From the News column of the December 2008 issue of Perspectives on History
Bruce Cole to Leave the NEH in 2009
AHA Staff, December 2008
The National Endowment for the Humanities (NEH) announced that Bruce Cole will leave the endowment in January 2009, on the expiration of his second term in office, to join the American Revolution Center in Valley Forge, Pennsylvania, as its president and CEO.
During his long tenure, which started in 2001, the NEH launched many humanities programs, including “We the People” and “Picturing America.” Under Cole’s leadership, the NEH led the application of digital technology to the humanities through its Office of Digital Humanities. The office established innovative grant programs and formed groundbreaking partnerships with the Department of Energy and the National Science Foundation. Cole has also worked to broaden the international reach of NEH.
In 2002, Cole established “We the People,” a program to improve the teaching, study, and understanding of American history and culture. Notable We the People projects include Landmarks of American History and Culture workshops for school and community college teachers offered at important American historic sites, as well as the We the People Bookshelf, which annually distributes classic books that explore enduring American themes to thousands of libraries.
Another major initiative of Cole has been the “Picturing America” program. Designed to help students understand America’s national story through art, Picturing America brings great American art into classrooms and libraries nationwide, enabling people of all ages to gain a deeper appreciation of our country’s history and character. Through Picturing America, schools and public libraries receive 40 large, high-quality reproductions of American art, along with resources to help educators use the images to teach American history, literature, civics, and other subjects.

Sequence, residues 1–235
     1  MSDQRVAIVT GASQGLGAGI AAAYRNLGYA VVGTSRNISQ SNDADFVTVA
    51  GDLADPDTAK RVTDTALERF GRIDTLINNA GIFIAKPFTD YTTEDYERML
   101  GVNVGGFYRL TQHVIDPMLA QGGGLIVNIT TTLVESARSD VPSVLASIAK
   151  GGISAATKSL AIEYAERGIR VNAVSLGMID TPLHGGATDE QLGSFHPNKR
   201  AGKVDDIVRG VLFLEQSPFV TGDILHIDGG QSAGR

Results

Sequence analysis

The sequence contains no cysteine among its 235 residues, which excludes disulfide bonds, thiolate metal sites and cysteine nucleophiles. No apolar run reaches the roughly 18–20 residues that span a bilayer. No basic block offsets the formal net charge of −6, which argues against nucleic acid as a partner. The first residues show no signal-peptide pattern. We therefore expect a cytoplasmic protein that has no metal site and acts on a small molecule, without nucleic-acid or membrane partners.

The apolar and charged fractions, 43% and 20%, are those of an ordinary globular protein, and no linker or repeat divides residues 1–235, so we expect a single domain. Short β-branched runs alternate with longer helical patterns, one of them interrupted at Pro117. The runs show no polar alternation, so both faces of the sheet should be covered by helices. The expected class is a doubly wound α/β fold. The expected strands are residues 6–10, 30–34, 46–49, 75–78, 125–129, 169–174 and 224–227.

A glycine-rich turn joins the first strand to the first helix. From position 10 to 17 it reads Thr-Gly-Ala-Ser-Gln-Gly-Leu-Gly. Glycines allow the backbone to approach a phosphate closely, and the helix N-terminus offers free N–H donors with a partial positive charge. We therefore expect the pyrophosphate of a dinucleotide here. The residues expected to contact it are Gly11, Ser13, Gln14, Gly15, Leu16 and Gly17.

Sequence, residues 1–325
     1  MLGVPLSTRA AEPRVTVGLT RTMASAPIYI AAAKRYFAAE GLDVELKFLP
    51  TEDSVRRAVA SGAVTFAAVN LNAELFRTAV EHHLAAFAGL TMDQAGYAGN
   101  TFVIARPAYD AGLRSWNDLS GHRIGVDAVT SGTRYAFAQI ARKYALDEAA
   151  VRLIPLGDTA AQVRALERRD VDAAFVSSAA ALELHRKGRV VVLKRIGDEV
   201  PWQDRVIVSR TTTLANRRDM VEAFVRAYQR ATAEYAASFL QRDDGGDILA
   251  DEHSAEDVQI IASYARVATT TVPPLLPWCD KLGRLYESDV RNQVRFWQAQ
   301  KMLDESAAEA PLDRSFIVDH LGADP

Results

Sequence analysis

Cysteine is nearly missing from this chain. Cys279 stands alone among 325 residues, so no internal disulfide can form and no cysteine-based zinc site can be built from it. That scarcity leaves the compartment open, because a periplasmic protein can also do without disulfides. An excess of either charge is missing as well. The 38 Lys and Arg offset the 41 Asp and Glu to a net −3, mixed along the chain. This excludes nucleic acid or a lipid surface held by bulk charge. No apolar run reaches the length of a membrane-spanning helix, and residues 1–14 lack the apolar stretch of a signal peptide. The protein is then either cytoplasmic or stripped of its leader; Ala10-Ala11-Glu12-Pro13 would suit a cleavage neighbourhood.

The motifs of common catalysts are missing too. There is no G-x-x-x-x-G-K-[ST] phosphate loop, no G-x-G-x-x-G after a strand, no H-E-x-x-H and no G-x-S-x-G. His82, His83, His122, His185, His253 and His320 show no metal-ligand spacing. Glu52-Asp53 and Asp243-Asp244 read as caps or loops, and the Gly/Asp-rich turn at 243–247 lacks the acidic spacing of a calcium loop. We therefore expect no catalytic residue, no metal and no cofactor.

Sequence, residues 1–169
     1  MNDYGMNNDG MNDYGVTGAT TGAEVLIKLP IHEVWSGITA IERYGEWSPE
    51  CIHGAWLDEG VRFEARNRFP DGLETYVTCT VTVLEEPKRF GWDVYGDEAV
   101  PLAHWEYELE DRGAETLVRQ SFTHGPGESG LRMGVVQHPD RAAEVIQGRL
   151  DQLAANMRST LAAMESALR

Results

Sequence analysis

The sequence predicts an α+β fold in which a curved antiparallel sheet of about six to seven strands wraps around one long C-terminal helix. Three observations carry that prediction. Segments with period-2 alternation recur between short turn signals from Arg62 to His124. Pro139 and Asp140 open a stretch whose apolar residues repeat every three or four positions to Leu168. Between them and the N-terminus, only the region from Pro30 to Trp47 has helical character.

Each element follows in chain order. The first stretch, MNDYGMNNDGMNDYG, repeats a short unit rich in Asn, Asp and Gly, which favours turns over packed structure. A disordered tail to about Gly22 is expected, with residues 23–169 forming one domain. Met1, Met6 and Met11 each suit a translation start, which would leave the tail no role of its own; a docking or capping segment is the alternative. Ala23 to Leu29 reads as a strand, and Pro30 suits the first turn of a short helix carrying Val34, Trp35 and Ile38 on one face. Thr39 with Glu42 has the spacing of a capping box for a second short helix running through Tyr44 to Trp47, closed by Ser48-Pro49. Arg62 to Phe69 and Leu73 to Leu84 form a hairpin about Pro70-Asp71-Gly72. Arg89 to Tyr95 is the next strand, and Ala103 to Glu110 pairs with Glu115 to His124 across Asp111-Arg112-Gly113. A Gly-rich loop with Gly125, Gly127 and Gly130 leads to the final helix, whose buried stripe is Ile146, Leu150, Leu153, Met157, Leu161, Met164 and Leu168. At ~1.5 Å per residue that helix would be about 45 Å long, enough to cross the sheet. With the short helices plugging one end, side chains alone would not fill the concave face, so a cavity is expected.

During the first Picturing America application period in 2008, nearly one-fifth of all U.S. schools and public libraries applied for the program. Working with the American Library Association, the NEH made more than 36,000 Picturing America awards to schools, public libraries and Head Start Centers nationwide, and expects to award thousands more by the end of the year. As part of the Picturing America initiative, the NEH formed partnerships with the Institute of Museum and Library Services, the Department of Health and Human Services, the Department of Defense, and the National Park Service.
Before he came to the NEH, Cole was the distinguished professor of art history and professor of comparative literature at Indiana University in Bloomington. A noted historian of Renaissance art, Cole has written more than a dozen books, including The Renaissance Artist at Work; The Relation of Art to Life and Society; Titian and Venetian Art, 1450-1590; and The Informed Eye: Understanding Masterpieces of Western Art.
“For the past seven years, I had the honor of working with the talented staff at NEH, our National Council on the Humanities, and the state humanities councils to preserve and promote the best of the humanities,” said Cole. “Programs such as We the People and Picturing America bring humanities education to the forefront and increase understanding of our unique history among our citizens. I depart as a grateful American, with profound appreciation for NEH’s commitment to the critical importance of the humanities. I look forward to continuing to promote the understanding of American history in my new endeavor.”
At the helm of the American Revolution Center, Cole will be taking on several new challenges, including the implementation of the center’s plans to build a museum complex on 78 acres adjacent to the Valley Forge National Historic Site, which is managed by the National Park Service.